Flickerstick -- These alterna-rockers catapulted to fame after winning VH1's Bands on the Run showcase/talent show back in 2000. All the brouhaha landed them a major label deal that went sour after one release and a few months of touring. They're still kicking and looking for that elusive hit while reaching for the rock star in the sky. The band's melodic and punk laced power-pop remains fairly intact in the new E.P. To Madagascar and Back. With New August. Amos' Southend (Shukla)

David Grisman Quintet -- Grisman is a smashing mandolinist with a near legendary skill of lengthy, improvisation jams. Once upon a time he loosely lumped his bluegrass and roots music, infused with heaps of jazz sensibilities, as "Dawg music." Of course the name has stuck but Grisman's virtuosity has never been more effective than with last year's incredible recording Life of Sorrow. On that effusive outing, Grisman paired his mandolin with who's who of bluegrass and roots music, all perked up with sweet, old-timey harmonies. Neighborhood Theatre (Shukla)

Leisure McCorkle and the Empire of Sound -- Lee "Leisure" McCorkle, traveling troubadour of well-crafted platform-shoe pop, is returning home from an exhaustive tour of the United States, having logged some 10,000 miles over the last month or so. He calls the traveling party his "Set Phasers on Rock Tour," and will be celebrating his return by playing the Viz in what he says in a press release is his 1000th show since 1997 (Which, according to my math, would seem to indicate at least a show every three days since that time...hmmm). Ever the (evidently extremely) busy man, Leisure also has a new album almost ready for release, 5000 Light Years Beyond the Speed of Sound. With Maryz Eyez (who also will function as McCorkle's backing band), Second Sat., and Yates Dew + 3. Visulite Theatre (Davis)

Shinedown -- Shinedown could be a distant cousin of Alice in Chains, and one that sports a beefier frontman and a looser rhythm section. There's nothing immediately earth-shattering about their recent release Leave a Whisper, but there are enough catchy riffs to keep one from turning the dial and the gals swaying in the aisles. With Soil. Tremont Music Hall (Shukla)

X-ecutioners -- Comprised of turntablists Roc Raida, Total Eclipse and Rob Swift (founding member Mista Sinista left in 2002), the X-ecutioners are self-described as "the overqualified but under-appreciated blue-collar superheroes of the new hip-hop." Committed to keeping the art of hip-hop DJing on the front lines of hip-hop culture, the band's mixing, scratching, body tricks and beat juggling still rank among the best work in the genre. Of course, all musicians need to sell records, so the band decided to drop a few names (Ghostface Killah, Slug, Cypress Hill, The Blue Man Group) along with the beats on their latest record, Revolutions, titled more for the spins it suggests than any hard-line philosophizing. With Northern State. Neighborhood Theatre (Davis)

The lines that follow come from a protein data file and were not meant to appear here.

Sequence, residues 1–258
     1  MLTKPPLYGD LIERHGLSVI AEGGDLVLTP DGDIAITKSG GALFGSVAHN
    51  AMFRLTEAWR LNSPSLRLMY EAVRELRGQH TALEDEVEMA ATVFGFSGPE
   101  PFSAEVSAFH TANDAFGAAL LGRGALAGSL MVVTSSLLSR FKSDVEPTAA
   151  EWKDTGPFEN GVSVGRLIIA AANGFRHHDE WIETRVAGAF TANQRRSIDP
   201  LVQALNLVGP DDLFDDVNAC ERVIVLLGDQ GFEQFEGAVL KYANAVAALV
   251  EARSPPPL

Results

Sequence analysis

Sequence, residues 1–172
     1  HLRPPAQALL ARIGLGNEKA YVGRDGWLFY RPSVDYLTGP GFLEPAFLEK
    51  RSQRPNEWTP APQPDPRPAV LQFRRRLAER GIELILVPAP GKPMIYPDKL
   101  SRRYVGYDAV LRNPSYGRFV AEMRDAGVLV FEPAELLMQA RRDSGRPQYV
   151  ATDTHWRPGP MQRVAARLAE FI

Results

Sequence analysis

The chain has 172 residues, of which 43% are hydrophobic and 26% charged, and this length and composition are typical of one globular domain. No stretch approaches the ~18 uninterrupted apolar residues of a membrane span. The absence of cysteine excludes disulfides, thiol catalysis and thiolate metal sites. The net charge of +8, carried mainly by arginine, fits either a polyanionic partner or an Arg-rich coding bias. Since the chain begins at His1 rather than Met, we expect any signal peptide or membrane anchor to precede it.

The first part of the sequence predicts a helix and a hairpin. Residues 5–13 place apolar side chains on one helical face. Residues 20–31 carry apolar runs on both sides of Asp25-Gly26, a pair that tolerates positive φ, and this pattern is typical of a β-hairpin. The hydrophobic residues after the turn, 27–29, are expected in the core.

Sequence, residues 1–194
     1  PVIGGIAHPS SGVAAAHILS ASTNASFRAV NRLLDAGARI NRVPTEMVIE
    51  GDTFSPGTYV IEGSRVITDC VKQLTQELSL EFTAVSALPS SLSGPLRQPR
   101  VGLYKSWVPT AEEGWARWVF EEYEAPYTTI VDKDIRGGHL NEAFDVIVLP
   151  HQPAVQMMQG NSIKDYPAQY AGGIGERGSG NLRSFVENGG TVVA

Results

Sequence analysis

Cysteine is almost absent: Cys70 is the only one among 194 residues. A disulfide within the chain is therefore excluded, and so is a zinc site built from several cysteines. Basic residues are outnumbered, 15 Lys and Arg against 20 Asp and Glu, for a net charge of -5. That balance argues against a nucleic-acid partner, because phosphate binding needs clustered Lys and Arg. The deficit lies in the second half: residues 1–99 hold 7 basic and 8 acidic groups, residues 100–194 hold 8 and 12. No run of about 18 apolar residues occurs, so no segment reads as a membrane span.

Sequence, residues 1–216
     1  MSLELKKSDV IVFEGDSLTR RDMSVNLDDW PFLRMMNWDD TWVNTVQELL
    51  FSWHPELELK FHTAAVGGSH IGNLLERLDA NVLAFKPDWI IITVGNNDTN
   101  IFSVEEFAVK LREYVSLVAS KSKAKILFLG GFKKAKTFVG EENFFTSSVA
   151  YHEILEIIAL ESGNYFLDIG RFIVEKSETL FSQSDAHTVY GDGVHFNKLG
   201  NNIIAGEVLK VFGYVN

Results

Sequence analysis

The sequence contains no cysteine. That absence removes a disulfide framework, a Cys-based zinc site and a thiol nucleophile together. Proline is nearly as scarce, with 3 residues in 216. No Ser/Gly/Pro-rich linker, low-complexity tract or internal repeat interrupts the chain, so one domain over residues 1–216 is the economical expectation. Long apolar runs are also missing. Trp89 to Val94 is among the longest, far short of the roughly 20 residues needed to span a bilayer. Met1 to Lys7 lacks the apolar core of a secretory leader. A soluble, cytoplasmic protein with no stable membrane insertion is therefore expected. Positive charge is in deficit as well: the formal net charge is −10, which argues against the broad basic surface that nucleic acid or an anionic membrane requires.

Earth Wind & Fire -- A classic, showy R&B band that had some nifty tunes back in the 70s and their album from 2003, The Promise, wasn't particularly shabby either. Considering all the pre-packaged, over-produced R&B pabulum out there, EW&F's signature horn and multi-instrument rhythm sections' whirlwind of sound will blow away just about any contemporary, soulless, pretty boy crooner trying too damn hard to please the ladies. With Chicago. Verizon Wireless Amphitheatre (Shukla)

NMX Showcase # 4 -- Another installment of Chuck Morrison's (MoRisen Records) local and regional talent showcase, this edition features the combined stylings of Tyre Fyre (hard guitar pop with plenty of crackle and hiss), The Sammies (high-energy garage rock with a post-punk twist), The Whigs (Athens, GA-based, and Unalaska (city in Alaska with 4,300 residents. Haven't seen the band yet). Visulite Theatre (Davis)

Oh What A Nightmare/Horse Thief -- With apologies to Hank Williams Jr., it appears that these country boys are not only surviving, but thriving. Taking a break from their popular incarnation as The Avett Brothers, Seth and Scott Avett -- along with pals Derek Young (bass) and guitarist Kenny Graham (guitar) -- have formed a new act, which sounds something like a mix of the brothers' last rock outlet, Nemo, crossed with Budgie and Black Sabbath. It's got all of the same energy you've come to expect from an Avetts show, however, even if it does have drums. Opening is Horse Thief, quite possibly the heaviest (and best) Charlotte band you've never heard (which is pretty damn hard, if you're within a couple miles or so). With Sunset Cemetery. The Room (Davis)

Thad Cockrell -- "Cuts like a knife" is an oft-used term to describe a singer's voice. Tom Waits' voice? A large fishing knife, with big, sharp teeth and plenty of edge. On the opposite end of the spectrum is the cowboy/Christian balladry of Thad Cockrell. His haunted tenor comes across as something more like a Bowie knife -- polished to a smooth perfection, but still plenty sharp enough to draw blood. Cockrell's touring behind his newest release, Warmth and Beauty, which is easily his best effort to date. The record features plenty of star turns from folks like Tift Merritt, Chris Stamey, Mitch Easter, and Caitlin Cary, but there's no doubt who leads this heavenly choir. With Chad Edwards. The Evening Muse (Davis)

Rising Lion -- Danny Dred, aka Rising Lion, lives the Rasta life and manages to write songs that would make the old school roots-reggae masters proud. His NYC outfit can also turn a trick or two in the confines of dub and dancehall. Its hot, socially conscious reggae for the mid-week doldrums and the band's fine cover of "All Along the Watchtower" alone is worth the price of admission. Double Door Inn (Shukla)

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